• Susannah Colt

THE LAST TO KNOW - Juneteenth is a small step toward racial equality

Updated: Jun 17

You know how it feels when you are the last to know in your family about a major event like an engagement, pregnancy, or death. A common scenario these days is that a distant friend sends you a message on Facebook saying they are “sorry to hear about . . . ,” or “congratulations on being a new auntie,” or something like that. They learned the news on Facebook before you learned the news. It’s infuriating!

Now imagine being an enslaved person in Texas in June of 1865, learning for the first time that you were freed from slavery two-and-one-half years ago on January 1, 1863, when President Abraham Lincoln declared emancipation for all enslaved people living in Confederate states, which included Texas. Two-and-one-half years of working for free for your masters, who probably knew they were getting away with human exploitation. Now that’s infuriating!

How is it possible that enslaved Texans were left out of the loop? Could it be because it was illegal to teach enslaved people to read, so even if they did happen upon a newspaper, they couldn’t even read about it? Were there really no abolitionists in Texas, who could have informed the enslaved people they were free? It turns out they were the last to learn because they were the last Confederate state to be captured by the Union Army.

What did it really mean to be free in 1863, anyway? It was the middle of the Civil War, where the Southern plantation owners were fighting to maintain their right to exploit enslaved people so they could fill their pockets with money. The plantation owners weren’t actually doing the fighting. It was the foremen, craftsmen, and poor white laborers who were doing the fighting and dying. The plantation owners sent their enslaved people to provide logistical support for the war, so the poor whites could carry the muskets and bayonets and do the dying.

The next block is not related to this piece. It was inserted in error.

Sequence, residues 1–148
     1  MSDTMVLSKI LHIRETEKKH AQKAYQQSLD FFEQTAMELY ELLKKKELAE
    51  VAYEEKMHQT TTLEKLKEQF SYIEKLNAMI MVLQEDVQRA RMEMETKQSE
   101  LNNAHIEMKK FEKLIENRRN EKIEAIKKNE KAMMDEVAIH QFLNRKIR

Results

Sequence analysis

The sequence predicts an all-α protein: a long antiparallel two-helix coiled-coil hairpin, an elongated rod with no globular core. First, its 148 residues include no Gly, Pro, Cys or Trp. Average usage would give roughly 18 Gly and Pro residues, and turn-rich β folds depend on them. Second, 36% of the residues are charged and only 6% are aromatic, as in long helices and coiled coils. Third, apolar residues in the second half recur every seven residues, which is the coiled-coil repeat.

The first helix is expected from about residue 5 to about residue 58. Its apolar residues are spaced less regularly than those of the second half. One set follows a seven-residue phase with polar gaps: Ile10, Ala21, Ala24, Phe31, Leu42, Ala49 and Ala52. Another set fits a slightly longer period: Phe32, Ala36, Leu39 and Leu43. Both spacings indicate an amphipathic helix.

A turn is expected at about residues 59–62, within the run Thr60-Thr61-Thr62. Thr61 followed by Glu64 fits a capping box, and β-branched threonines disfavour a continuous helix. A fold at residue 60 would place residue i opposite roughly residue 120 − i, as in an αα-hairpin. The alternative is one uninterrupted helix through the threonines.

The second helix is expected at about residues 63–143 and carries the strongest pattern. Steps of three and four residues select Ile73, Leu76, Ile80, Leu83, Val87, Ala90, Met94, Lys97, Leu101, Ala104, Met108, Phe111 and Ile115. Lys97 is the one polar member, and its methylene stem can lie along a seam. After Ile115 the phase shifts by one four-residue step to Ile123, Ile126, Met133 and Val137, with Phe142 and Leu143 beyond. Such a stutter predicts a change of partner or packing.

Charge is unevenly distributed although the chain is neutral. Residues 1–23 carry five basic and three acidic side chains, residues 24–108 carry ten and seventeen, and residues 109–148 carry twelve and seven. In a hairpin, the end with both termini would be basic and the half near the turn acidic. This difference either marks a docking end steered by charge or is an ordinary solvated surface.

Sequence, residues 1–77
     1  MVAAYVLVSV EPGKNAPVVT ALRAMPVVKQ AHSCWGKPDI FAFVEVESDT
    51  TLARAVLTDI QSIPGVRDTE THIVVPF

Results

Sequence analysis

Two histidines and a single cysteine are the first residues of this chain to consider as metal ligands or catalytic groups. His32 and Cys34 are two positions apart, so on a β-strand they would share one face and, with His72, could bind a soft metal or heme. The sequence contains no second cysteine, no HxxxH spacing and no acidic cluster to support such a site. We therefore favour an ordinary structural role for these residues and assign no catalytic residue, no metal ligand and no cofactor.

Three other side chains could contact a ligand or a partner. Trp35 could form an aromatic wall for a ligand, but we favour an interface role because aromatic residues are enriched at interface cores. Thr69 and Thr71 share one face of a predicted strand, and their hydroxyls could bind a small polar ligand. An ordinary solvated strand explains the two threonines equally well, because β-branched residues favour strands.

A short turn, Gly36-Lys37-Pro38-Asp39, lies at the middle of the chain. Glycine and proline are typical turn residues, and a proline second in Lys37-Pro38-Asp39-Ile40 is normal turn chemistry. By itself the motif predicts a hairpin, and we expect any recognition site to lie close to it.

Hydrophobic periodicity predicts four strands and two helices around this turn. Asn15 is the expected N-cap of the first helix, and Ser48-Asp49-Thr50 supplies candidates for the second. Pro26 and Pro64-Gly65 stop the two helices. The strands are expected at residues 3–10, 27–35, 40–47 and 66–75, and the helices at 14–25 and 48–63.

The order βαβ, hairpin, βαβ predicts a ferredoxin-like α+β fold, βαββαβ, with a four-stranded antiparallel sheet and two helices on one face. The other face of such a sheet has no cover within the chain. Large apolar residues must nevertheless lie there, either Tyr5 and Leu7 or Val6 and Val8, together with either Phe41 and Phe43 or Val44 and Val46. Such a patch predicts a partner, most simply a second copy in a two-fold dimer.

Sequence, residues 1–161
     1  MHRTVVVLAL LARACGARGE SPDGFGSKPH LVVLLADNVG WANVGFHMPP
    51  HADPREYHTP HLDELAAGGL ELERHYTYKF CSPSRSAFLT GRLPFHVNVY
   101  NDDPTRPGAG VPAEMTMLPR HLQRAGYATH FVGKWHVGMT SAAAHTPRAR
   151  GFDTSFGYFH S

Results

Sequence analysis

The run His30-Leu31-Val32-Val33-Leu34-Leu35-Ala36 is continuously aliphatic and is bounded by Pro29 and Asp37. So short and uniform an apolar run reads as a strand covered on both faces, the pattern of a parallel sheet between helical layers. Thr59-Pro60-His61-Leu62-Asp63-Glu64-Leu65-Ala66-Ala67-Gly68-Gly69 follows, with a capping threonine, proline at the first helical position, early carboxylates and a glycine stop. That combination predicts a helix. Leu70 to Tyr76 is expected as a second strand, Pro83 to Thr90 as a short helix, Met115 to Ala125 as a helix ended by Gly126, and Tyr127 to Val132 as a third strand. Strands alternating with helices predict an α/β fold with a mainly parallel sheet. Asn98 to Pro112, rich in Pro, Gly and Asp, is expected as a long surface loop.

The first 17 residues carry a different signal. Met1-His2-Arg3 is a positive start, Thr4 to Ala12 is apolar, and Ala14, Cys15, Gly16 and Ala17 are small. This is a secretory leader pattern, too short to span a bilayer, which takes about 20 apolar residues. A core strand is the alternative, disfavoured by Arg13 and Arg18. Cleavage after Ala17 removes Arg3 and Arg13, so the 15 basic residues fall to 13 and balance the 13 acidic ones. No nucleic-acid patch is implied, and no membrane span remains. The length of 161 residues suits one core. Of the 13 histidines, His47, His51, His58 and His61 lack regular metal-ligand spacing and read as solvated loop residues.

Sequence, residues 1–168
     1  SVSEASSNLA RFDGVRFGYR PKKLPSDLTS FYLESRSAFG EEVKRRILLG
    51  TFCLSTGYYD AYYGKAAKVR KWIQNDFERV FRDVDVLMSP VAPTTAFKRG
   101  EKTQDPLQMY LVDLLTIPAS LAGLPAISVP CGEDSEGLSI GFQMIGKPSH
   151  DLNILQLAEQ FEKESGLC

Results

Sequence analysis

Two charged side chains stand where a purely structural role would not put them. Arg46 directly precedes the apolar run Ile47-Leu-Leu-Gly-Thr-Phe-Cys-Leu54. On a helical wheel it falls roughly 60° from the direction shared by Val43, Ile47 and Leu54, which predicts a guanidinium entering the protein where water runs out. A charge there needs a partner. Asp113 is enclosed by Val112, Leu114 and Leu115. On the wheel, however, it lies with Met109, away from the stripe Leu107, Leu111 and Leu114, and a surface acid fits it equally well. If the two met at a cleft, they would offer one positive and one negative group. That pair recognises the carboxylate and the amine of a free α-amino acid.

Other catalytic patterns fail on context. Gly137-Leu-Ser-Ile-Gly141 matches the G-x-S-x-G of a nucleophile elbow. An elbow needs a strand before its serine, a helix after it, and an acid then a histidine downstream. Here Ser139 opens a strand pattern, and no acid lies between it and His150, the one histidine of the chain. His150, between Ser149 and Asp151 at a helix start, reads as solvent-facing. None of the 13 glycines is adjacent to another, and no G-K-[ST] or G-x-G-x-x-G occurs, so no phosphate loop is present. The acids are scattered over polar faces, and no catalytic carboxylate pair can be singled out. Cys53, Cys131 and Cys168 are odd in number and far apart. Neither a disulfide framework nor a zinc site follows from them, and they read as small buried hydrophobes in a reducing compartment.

Was the Emancipation Proclamation really intended to free enslaved people? Not really. Lincoln actually did not have the power to free enslaved people, because they were only considered to be property under the Constitution, according to the Dred Scott Supreme Court case. The enslaved people were not citizens, so they had no legal rights.

Lincoln had to figure a way around the Constitution, so he used the War Powers Act to achieve his goal of winning the war and freeing enslaved people. He needed a military tactical advantage over the South. The Proclamation (which in today’s language would be considered an “Executive Order”) was his tool. Lincoln, his Cabinet, Generals, and advisors realized that if they deprived the Confederate Army of the tactical support provided by enslaved people, it would diminish the number of Southern soldiers available to fight and give the North an advantage in the war.

The enslaved people, who were able to break free of their bondage, were eventually conscripted into the Northern Army and permitted to fight. Mind you, when the North did finally allow freedmen to carry a gun in the war, they were paid a fraction of what the white soldiers were paid. The freedmen eventually earned equal pay after the rise of a protest movement led by Frederick Douglass and abolitionists. It would be fair to say that the war would not have been won without enslaved people and freedmen.